Then again we had the privilege of visiting the preschool and elementary school at the University of Puerto Rico in San Juan. Dr. Ruth Saes Vega has been promoting whole language in the school and has just published a book in Spanish entirely by whole language teachers writing about their classrooms. And a new generation of teachers were joyously implementing the concepts of great teaching the book represented. Ruthie also has been taking grad students to a small Mayan village school in Guatemala to work with teachers and kids there. Those teachers presented about their whole language at the Guatemalan conference.

For Yetta and me each situation felt like a victory lap. That’s what the winner of a race does after crossing the finish line. In each case we were being congratulated for what courageous teachers have been achieving as they turn concepts and ideas into reality for children.

We felt like shouting, “Viva Lenguaje Integral”, “Long live Whole Language”. May literacy flourish and may children everywhere, one day, find such enlightened teachers in their schools.

Wednesday, February 25, 2015

Where's Your Data?

I spent the weekend in the hospital. A cough turned into pneumonia. But thanks to modern medical knowledge and technology I' m now at  home - still coughing a little but assured by medicasl science that I'm  ready to go home. My vitals are good, my blood test taken at 3 am shows my kidneys are normal - for me.I'm satisfied with the proof offered me that I'm ready to go home. Besides the food was terrible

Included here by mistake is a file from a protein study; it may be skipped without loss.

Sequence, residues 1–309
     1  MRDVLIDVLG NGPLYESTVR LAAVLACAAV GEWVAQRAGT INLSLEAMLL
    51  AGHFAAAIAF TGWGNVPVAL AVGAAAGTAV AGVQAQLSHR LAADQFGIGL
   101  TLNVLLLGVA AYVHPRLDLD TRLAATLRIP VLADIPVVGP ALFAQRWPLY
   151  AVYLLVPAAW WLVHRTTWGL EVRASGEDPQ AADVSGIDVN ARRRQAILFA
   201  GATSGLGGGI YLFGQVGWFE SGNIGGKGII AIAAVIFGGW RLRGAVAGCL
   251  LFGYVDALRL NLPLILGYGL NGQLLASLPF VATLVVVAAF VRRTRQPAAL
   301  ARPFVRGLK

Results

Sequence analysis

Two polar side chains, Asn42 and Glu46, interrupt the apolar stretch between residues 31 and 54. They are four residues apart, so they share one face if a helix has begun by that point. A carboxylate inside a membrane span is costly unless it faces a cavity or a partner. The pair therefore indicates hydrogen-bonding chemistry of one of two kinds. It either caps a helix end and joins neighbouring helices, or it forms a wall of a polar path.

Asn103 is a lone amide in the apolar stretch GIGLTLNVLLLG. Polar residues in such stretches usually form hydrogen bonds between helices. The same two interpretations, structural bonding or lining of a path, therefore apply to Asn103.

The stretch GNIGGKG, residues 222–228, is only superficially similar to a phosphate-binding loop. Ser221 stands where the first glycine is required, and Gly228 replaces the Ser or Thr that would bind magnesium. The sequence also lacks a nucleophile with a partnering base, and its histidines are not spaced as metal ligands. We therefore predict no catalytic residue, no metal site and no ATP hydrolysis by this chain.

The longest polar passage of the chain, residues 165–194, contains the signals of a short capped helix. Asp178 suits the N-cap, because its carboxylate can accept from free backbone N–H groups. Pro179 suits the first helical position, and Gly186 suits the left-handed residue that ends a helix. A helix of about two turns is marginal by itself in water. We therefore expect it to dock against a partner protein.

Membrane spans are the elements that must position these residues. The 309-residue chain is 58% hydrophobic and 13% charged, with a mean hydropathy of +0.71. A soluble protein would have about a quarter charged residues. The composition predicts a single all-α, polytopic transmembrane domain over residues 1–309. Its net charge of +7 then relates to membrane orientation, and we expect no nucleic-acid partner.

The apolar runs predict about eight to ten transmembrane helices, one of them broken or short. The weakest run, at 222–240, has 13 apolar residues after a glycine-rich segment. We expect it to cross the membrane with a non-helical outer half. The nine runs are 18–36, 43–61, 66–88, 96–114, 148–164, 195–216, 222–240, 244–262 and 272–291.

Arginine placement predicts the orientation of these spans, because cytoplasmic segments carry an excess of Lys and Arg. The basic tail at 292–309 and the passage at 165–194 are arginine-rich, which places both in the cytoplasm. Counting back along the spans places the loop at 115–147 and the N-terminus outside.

Yetta just came back from the 10th bienniel Guatemalan Reading conference  held in Xela, (Quetzeltenanga) 7500 feethigh in the Central American mountain.

We've been going to Guatemala every two years over a  20 year period supporting the efforts of  Marcie Mondschein who goes regularly fromNew York and has put paper back book libraries  in schools  all over Gutemala and provided in-service to many many teachers there. Steven Barrett has been working with an NGO CEPA formerly related to a church in Xela to bring education to children who survive in the markets.

The confernce opened with a chorus of 5-12 year old children whose families earn their livings
crushing rock on the river bank. The children sang three songs in Spanish from song sheets that they were reading.

Which brings me to my topic , Where's the data?

In my three day hospital stay I sometimes felt I was emersed in data. "VItals",sugar count, oxygen saturation, heart monitor, temperature, breathing, I saw many doctors and technicians who spent more time looking  at the data than they did looking at me.

I began to think of how health is evaluated in comparison to how learning- paritcularly literacy is evaluated.

Medical students learn a lot about human anatomy by studyng cadaveers- dead people. But there is a great deal more complexity in my living body than in  a cadaver.

The living body is an integrated and dynamic whole. Any bit of data has to be evakuated un terms of norms, changes, and indicators of how the whole body is functioning.My caregivers shared with me the good news that came from trends in the data..

Language, oral and written is also a  living complex system in use. From studying language in